Schedule Appointment

The Emotional Pain of Infertility

panakaya naturophaty Emotional Wellbeing

The Emotional Pain of Infertility

Trying to have a baby can be one of the most challenging experiences a woman or a couple can go through. The extreme emotional pain of not conceiving can cause even more chronic stress of which we already have more than enough in our hectic city life in Singapore, which can further impact your physical and mental health. 

Trying to conceive (and keeping the pregnancy) can be an emotional roller coaster which can easily be a strain on even the healthiest of relationships. It can be excruciatingly painful to see your girlfriends and colleagues fall pregnant one after the other without trying too hard, yet you don’t seem to be able to get pregnant. Very often there is anger, frustration, and the sensation of betrayal by the body. Many men still don’t want to even talk about or test their sperm quality because of shame or stigma.

I have seen many times that women carry a lot of emotional “baggage” in the uterus. The origin can f.ex. be from the way we were brought up, i.e. learned gender roles in our family, religious community or society. Most women would have made experiences of not being respected as a woman at some point in their life – whether it’s unpleasant stares on the street, unfair treatment at work or gender inequality in the family. I have seen this across cultures, but it’s even more predominant in very traditional cultures or conservative families.

Not only does the image of the role of a woman get transferred to her sons and daughters, but also trauma can be passed from one generation to another (transgenerational trauma). In short, a woman does not need to have experienced sexual harassment, violence or abuse herself in order to have trauma in her uterus. This is an important factor if we consider the environment our mothers and grandmothers lived in, and what they may have gone through.

As women we store the pain and suffering of our maternal ancestors in our body: When your grandmother was pregnant with your mother, your mother’s eggs were already formed. This means the egg (and all its information) of which you were made was already formed when your mother was developing in your grandmother’s womb. In pre- and perinatal psychology we already know that all her emotions and thoughts were already imprinted on a cellular level in the developing fetus.

I mention the role of a woman and trauma here because it can play such a huge role in your own fertility journey. Not being able to conceive forces you to face your feminine side as well as those old conflicts with the feminine. You may chose to ignore them until you feel it is time to face them. Very often these conflicts are across generations, which might be seen through similar gynaecological  problems across generations. Often it is not just a problem with getting pregnant, but there might be other underlying gynae issues such as difficult menses, myoma, fibroids, endometrisos or PCOS.

In many indigenous cultures, the uterus is the energetic centre of a woman. It is a sacred space of power, strength, and creation as a woman has the ability to give and take life. From an energetic point of view, we used to live in a matriarchal society, which was changed to a patriarchal society with the introduction of the main religions we still have today. The loss of femine power has changed the identity of many women, making them believe that women are weak and not as capable as a man. Having lost the balance of their femine power may play a role in the health of a woman, particularly in fertility and gynae health. The objective should be neither a dominating male or female energy, but a beautiful harmony of both energies, similar to the yin and yang sign.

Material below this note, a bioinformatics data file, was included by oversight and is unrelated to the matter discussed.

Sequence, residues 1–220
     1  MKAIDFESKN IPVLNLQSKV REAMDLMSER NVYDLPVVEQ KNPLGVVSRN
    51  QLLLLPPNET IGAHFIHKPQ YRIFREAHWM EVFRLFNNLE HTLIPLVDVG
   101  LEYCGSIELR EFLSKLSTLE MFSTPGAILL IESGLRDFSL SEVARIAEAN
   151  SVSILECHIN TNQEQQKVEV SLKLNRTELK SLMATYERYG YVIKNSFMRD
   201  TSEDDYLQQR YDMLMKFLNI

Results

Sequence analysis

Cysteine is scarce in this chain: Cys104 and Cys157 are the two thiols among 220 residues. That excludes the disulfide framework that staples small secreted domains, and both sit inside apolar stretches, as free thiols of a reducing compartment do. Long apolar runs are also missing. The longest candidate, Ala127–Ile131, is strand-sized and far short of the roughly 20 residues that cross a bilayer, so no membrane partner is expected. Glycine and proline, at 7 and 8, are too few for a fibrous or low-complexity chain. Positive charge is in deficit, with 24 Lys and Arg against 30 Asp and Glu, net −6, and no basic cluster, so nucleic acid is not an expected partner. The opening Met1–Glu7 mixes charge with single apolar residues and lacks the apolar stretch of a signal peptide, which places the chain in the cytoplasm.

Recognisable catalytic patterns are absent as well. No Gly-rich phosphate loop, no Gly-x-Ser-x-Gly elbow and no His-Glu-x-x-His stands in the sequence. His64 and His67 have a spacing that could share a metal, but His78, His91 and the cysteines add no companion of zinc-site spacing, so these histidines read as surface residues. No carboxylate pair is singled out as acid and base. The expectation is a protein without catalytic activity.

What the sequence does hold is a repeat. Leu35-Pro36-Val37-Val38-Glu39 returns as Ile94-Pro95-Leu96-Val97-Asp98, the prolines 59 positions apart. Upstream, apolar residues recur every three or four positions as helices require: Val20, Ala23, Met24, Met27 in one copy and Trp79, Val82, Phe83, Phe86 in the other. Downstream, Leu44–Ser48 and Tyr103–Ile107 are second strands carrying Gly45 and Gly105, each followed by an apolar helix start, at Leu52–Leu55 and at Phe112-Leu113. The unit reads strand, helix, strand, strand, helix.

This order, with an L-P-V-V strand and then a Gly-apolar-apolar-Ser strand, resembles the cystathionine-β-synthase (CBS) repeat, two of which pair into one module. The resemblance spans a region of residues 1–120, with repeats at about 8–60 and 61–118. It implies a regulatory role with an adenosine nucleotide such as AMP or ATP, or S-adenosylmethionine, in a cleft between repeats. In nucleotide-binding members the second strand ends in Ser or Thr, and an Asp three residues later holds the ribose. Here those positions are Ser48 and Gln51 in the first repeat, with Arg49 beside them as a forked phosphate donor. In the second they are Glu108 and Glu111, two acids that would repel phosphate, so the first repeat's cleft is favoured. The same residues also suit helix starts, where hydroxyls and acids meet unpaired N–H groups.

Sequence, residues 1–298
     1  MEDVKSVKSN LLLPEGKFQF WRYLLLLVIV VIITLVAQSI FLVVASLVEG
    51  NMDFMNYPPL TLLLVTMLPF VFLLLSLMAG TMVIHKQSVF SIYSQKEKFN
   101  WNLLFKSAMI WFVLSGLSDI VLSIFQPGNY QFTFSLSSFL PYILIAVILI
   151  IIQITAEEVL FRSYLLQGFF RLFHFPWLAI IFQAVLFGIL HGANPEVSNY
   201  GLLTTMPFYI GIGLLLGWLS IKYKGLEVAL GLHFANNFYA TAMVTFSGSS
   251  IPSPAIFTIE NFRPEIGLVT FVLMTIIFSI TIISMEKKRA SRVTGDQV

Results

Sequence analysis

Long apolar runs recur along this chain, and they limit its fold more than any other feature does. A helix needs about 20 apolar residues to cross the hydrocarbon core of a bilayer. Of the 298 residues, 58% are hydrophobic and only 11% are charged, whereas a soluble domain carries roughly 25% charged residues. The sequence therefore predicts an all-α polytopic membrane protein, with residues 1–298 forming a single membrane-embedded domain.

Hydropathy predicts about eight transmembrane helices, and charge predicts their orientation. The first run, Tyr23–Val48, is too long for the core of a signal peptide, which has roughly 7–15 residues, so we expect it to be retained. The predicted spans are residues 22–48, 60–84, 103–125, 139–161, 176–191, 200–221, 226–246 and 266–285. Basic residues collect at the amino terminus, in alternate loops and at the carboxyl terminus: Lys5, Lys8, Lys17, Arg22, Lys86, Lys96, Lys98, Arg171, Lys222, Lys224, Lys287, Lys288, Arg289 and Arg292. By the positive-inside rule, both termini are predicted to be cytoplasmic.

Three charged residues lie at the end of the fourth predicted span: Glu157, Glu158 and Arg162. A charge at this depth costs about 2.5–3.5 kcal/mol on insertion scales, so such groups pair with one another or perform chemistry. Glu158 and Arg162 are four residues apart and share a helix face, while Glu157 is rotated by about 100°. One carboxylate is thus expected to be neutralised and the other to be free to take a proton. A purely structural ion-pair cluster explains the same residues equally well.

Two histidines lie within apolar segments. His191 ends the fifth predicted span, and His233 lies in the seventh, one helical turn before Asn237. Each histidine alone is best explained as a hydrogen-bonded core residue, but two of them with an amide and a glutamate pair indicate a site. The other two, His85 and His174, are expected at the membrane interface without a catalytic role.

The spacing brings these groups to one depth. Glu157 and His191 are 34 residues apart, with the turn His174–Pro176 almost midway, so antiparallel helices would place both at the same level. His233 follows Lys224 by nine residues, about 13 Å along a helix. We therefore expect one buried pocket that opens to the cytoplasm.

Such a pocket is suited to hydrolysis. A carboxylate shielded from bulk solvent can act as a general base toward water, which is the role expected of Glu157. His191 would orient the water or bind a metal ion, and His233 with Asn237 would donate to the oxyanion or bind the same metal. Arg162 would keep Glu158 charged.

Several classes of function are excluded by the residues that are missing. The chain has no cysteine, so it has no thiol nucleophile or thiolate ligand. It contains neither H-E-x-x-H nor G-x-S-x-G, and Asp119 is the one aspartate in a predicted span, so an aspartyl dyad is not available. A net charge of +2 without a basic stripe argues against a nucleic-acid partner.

With regards to fertility, in roughly 50% of cases, there is a problem with the man’s sperm quality. Poor diet, lack of sleep, and exercise or too much stress can have an impact on the sperm quality – apart from carrying a mobile phone in the front pocket of the pants or a laptop on his lap. Other health conditions may require treatment by a specialist. Therefore it is highly recommended your partner sees a urologist as some possible problems may be solved relatively easily. Scientific studies suggest that plastic in our food mimics the female sex hormon estrogen and may be responsible for the reduction of sperm count. Switching to water from glass instead of plastic bottles is not just better for the environment, but may also have a positive impact  on your reproductive health.

Very often there is also a lack of knowledge about the woman’s menstrual cycle and her fertile days. If her cycle is 30 days or of irregular length, there is no point to plan intercourse for day 12, as ovulation is likely to occur on another day. If you are not aware of the signs your body will show you to indicate the fertile days you might think there is a problem with your fertility when it’s just wrong timing! 

Frequent travel for work can require logistic planning to ensure the correct timing, which can lead to even more stress for both partners. Try focusing on the positive aspects to make the planning light and fun. Stress at work or lack of sleep can further change your cycle which makes it so important to be able to read your body’s fertility signs. Hormonal test kits are not always accurate. They may also make you psychologically depend on them which again weakens the connection with your own body.